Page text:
The Assemblies of God, one of America’s largest and fastest-growing denominations, celebrated its 100th birthday this year. Almost all of its growth has come from ethnic minorities, who compose more than 41 percent of its 3.1 million American adherents.
But on many national survey reports of religious Americans, those nearly 1.3 million evangelicals are invisible because they are not white.
Major survey organizations such as Pew Research Center, Gallup, and Public Religion Research Institute often split non-Catholic Christians into the historical categories of black Protestants, mainline Protestants, and white evangelicals.
“It’s not uninteresting or incorrect to look at evangelicals as a whole,” said Greg Smith, Pew’s director of U.S. religion surveys. After all, he notes, two-thirds of “black Protestants” identify as evangelicals. “It’s a pragmatic decision. If you don’t separate out black and white evangelicals, you will miss the link between race, religion, and politics. On many important social and political issues, these are just very different groups.”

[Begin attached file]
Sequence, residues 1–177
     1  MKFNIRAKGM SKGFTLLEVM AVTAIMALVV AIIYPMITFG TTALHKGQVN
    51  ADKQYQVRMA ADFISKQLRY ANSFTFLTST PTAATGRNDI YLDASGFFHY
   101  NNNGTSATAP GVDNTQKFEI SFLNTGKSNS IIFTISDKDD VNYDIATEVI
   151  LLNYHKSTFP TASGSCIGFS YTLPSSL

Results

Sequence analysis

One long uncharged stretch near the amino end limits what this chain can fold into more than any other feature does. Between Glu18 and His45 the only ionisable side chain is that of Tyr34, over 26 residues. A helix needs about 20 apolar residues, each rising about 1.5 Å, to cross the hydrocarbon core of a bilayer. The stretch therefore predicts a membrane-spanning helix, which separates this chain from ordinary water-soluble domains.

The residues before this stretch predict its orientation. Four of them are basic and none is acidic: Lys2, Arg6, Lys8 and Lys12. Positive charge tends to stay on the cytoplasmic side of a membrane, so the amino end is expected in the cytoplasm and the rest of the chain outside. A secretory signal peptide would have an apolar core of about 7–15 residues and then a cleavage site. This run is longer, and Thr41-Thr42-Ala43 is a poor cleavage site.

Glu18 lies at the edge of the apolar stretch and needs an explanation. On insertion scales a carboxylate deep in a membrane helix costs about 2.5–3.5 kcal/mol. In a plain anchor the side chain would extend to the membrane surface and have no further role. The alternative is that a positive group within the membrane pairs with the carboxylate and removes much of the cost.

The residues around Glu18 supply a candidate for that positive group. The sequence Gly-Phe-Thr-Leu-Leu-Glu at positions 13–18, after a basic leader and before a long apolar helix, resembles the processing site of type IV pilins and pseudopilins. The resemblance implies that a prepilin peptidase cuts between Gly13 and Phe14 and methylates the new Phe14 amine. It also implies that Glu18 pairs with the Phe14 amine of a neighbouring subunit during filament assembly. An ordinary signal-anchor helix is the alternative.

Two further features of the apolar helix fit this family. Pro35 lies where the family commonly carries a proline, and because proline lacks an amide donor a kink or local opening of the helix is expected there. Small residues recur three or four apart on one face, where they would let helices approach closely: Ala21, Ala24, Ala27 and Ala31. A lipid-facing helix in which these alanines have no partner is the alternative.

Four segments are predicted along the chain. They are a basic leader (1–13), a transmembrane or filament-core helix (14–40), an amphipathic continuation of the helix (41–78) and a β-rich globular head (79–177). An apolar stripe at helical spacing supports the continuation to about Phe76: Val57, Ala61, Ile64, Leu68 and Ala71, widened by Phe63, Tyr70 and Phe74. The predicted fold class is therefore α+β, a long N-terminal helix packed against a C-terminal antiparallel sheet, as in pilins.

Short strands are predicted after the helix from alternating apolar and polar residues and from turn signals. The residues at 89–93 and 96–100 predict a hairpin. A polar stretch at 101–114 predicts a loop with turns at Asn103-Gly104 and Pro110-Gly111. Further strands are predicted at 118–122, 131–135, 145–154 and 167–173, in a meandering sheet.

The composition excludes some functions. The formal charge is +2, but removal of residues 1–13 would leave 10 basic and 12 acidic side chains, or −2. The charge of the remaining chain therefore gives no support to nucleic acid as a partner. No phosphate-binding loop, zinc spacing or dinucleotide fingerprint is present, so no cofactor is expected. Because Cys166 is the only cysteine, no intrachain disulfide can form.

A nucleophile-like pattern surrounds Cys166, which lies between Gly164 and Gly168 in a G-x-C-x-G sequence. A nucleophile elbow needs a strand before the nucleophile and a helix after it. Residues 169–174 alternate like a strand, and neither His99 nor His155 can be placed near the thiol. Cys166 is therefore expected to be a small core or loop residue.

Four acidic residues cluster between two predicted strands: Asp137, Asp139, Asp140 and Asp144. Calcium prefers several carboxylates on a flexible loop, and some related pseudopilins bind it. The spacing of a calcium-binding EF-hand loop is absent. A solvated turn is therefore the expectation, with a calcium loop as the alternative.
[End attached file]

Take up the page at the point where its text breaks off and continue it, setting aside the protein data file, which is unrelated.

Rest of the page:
The “black Protestants” category actually includes Christians of any ethnicity who attend historically black denominations. Such churches traditionally had radically different social missions than those in majority-white groups, and congregants typically engaged politics differently than their evangelical and mainline counterparts. Pew reported that in the 2012 presidential election, 95 percent of black Protestants voted for Obama, compared with 20 percent of white evangelicals.
When classifying religious groups, surveys focus on adherence to a set of beliefs, a set of behaviors, ...1